CSE191 Presentation Project: Special Topics in Discrete Structures

CSE191 Presentation Project: Special Topics in Discrete Structures
Discrete Structures is a course full of abstract topics – predicate logic, proof techniques,
sets, relations, functions, graphs, trees, etc. Some students will experience complete
satisfaction from this level of topical abstraction, but most of you will become annoyed in
at least one instance. That is, you’ll be asking yourself that age-old student question:
“Why do we need to know this?!” Enter: this project.
The primary purpose of this project is to expose you to real-world applications of
Discrete Structures, thereby garnering both your appreciation and interest in the course
material. Additionally, this will give you a little bit of experience with computer science
research. Finally, you get to practice your “people skills” – teamwork, writing, and
public speaking.
Assignment Specification
This semester, you will be responsible for presenting a special topic in Discrete
Structures. You will be working with a group of at least 3 people, but at most 4 people to
complete this task. You may select the members of your group; else they will be selected
for you. There is a form available for group selection given in class as well as on the
website. Group selection forms must be turned in at the beginning of class on Monday,
September 11 or Tuesday, September 12. This is a multistage project. Due dates for
each stage will depend on what order your group has been selected to present.
Stage 1: Executive Summary
This stage must be completed 3 weeks before your scheduled presentation. You will
receive a detailed schedule for your group with the group assignments.
In this first stage, you and your group members will select a topic related to current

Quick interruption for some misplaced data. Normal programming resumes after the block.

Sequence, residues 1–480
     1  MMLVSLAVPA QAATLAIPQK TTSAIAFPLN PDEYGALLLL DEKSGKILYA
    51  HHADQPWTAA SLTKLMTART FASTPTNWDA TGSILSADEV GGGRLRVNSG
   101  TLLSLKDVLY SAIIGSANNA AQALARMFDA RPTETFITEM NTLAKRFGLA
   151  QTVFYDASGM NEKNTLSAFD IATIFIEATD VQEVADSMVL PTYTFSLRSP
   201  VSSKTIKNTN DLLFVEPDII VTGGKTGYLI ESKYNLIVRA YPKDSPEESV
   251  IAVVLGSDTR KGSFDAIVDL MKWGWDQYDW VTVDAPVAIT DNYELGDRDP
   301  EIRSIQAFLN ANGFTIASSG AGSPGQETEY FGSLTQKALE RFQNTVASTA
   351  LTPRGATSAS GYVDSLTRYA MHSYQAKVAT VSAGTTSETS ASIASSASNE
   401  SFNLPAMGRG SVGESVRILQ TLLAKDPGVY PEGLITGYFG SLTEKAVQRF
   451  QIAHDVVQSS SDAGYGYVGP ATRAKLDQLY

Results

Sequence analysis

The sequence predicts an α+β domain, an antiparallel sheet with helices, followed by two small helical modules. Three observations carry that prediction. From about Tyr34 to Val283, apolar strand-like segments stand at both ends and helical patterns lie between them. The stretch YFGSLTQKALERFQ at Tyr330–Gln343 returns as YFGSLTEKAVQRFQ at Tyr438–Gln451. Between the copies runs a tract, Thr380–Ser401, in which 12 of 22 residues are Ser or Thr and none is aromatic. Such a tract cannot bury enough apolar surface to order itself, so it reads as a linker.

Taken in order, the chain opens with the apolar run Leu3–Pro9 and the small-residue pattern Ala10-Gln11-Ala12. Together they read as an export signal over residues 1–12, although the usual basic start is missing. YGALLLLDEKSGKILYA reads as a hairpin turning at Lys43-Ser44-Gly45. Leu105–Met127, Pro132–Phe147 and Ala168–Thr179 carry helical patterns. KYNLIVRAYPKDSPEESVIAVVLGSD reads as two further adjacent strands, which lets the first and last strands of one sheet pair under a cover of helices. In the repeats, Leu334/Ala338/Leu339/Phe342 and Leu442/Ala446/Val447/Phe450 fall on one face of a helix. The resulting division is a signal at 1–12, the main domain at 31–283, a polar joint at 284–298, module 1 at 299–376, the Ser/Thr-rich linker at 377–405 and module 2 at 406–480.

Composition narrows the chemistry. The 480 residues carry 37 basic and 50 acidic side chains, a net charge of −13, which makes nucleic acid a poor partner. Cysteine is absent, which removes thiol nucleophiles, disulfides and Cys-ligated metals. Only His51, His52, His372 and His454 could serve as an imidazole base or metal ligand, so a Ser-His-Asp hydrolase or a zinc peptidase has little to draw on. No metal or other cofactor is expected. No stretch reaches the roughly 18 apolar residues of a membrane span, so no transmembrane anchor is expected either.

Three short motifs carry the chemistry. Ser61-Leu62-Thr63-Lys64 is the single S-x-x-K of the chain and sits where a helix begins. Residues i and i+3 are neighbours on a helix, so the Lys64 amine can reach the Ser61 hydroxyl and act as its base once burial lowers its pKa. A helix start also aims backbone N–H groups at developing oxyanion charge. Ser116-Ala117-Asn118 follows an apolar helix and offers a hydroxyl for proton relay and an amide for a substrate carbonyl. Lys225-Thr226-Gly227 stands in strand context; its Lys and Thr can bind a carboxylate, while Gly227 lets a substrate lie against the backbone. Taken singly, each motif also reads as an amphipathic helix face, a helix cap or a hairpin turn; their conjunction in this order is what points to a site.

course material. Note that the topics MUST pertain to current course material, so the
instructor will enforce these bounds on topic selection. You and your group members
must determine an appropriate depth of topical coverage for your presentation. From
there, you should figure out what specific aspects of your topic you’d like to discuss.
Write an executive summary and arrange a meeting time with me [at least one group
member must be present]. During this meeting, we will review your executive summary
and make sure your idea is feasible; if not, we will work it out. Meetings with me can be
during office hours or at another time arranged via email.
I will not allow every group to present on the same idea. Therefore, when a group meets
with me, I will post their presentation topic on the website. If two group ideas overlap
significantly, then the second group to meet with me will need to modify their topic and
meet with me again. Therefore, if you want to present on a specific topic, then your
group should try to meet with me as early in the semester as possible.
Where should I look for topic ideas?
Any chapter in the text could provide you with ideas for where the topics of this course
are used. Check out the problems at the end of each section, or the problems described in
the text. Sections that deal with applications of the course material specifically are: 1.5,
1.6, 2.3, 4.2, 4.3, and all of chapters 5 & 6. Another way to find interesting topics is to
search for the name of the topic on the Internet and look for applications of that topic.